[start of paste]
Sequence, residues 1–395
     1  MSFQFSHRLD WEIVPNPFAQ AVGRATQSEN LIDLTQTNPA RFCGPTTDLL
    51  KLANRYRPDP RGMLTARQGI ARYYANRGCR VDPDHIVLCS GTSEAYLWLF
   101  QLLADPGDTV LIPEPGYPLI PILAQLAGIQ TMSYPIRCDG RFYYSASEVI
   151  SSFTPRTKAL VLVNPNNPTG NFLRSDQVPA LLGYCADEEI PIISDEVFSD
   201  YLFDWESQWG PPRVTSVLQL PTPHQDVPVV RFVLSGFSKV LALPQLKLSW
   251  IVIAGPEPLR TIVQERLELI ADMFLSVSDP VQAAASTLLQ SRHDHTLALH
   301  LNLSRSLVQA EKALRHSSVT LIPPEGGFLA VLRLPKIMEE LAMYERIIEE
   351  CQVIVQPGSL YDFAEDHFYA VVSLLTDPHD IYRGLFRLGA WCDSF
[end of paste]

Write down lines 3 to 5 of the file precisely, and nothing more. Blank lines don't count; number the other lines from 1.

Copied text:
    51  KLANRYRPDP RGMLTARQGI ARYYANRGCR VDPDHIVLCS GTSEAYLWLF
   101  QLLADPGDTV LIPEPGYPLI PILAQLAGIQ TMSYPIRCDG RFYYSASEVI
   151  SSFTPRTKAL VLVNPNNPTG NFLRSDQVPA LLGYCADEEI PIISDEVFSD